Twenty-five years have passed since this decision, and here we are as business owners in Texas. I run TELLUS International and Rita has a cruise travel agency TELLUS Travels. I can't believe what I have got to do during my career. I have worked with 100+ global brand names with Microsoft, running and facilitating workshops, helping these organizations take their business and solutions to the next level. I am unsure where I would be today if any inertia had kicked in back 25 years ago. Nobody knows. I wrote a couple of books about my experiences for a major Finnish book publisher, which was an exciting project.

When we immigrated to the United States, of course, multiple people told us how dumb we were to leave good jobs for something that was very uncertain. Some even thought that I would not finish my Ph.D. education. I did finish my studies. Was it hard? Of course, but I had formulated my aspiration to get it done.

There will always be people judging your decisions, but as long as you know what your aspiration in life is, you know what you need to do, and you can leave the opinions of the people thinking they know better behind.

The same thing happened when we sold the company where I was CEO, and I resigned. I was told I would have a great career with the big company that bought us. However, it was outside the aspiration plans I had. I resigned and started my company, TELLUS International, a boutique technology management consulting and advisory firm. We work with fantastic companies like Microsoft, and every day I wake up, I love trying to make a difference and bring value to our customers.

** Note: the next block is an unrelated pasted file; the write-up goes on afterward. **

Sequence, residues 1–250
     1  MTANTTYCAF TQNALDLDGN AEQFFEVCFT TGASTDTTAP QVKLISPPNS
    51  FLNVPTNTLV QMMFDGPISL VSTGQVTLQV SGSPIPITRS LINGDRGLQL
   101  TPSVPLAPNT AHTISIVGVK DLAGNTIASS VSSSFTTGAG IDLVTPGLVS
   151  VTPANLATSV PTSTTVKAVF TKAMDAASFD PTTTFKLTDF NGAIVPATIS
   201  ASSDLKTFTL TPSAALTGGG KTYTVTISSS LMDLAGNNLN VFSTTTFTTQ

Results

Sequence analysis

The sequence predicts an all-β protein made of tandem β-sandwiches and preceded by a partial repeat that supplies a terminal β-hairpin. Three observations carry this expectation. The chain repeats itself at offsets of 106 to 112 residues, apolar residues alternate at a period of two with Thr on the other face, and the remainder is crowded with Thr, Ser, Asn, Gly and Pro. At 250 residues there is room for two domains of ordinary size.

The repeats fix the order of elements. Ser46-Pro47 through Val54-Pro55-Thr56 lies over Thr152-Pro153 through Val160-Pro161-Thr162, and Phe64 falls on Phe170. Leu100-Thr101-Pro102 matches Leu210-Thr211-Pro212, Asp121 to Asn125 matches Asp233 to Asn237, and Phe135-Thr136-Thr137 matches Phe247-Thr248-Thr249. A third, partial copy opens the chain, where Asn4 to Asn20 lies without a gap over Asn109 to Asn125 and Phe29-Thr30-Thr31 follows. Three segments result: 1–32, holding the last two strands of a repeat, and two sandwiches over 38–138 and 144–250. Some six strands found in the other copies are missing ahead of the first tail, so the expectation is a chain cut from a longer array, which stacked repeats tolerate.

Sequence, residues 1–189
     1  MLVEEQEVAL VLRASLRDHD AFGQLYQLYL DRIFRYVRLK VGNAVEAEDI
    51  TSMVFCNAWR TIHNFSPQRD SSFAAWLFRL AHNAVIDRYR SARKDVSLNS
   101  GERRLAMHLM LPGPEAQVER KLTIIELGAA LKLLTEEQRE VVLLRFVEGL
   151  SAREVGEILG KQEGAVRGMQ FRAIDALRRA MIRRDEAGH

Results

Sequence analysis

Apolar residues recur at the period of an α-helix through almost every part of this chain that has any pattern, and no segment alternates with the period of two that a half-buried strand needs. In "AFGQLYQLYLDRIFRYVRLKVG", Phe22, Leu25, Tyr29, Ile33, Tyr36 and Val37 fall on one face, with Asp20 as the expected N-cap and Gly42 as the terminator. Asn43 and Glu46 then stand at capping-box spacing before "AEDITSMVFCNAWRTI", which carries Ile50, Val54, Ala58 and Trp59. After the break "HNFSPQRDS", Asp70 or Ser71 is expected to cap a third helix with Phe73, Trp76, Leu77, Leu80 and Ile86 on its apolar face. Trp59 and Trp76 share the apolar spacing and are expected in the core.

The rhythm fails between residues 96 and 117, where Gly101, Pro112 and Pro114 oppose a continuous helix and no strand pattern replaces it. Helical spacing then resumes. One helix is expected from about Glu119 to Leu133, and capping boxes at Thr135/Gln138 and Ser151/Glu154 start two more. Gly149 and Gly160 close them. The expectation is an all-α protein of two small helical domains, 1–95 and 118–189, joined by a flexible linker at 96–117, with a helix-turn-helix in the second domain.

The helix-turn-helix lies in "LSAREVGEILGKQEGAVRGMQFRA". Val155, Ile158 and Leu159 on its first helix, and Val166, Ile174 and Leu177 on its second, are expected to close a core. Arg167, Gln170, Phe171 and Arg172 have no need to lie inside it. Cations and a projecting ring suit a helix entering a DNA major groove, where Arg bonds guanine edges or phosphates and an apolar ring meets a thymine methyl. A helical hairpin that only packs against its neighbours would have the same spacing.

The most significant impact the book had on me was its understanding of the dependencies of action, ambition, and aspiration. I used the lessons from these three words by reflecting on my own decisions in the past and found that many decisions were made correctly, but many were made without thinking clearly about how they would impact me in the long term.

The timing of reading the book was good; I decided today to enter into a partner relationship with an organization where I have, through the dependencies of action, ambition, and aspirations.

When you make decisions in your career or life, you should clearly define "what you want to become." You need to understand how your actions will impact your ambitions (goals), but you need to recognize that ambitions are NOT the same as aspirations. The former is always short-term; you can make ambitions and get them done through your actions. But you might be on the wrong path if you don't define your aspirations.

The book is super important for young professionals who define what they want to become. However, Dr. Goldsmith emphasizes that age has nothing to do with setting your aspirations; it is never too late. The risks are higher for a young generation entering their professional life and potentially making decisions they might regret later.

We are all busy with our day-to-day things, but I encourage you to stop and think if you are on the right path with your career and life. Don't let life "pass by" without making an effort to achieve what Dr. Goldsmith states: to have an "earned life" without regrets.

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Yours,

Dr. Petri I. Salonen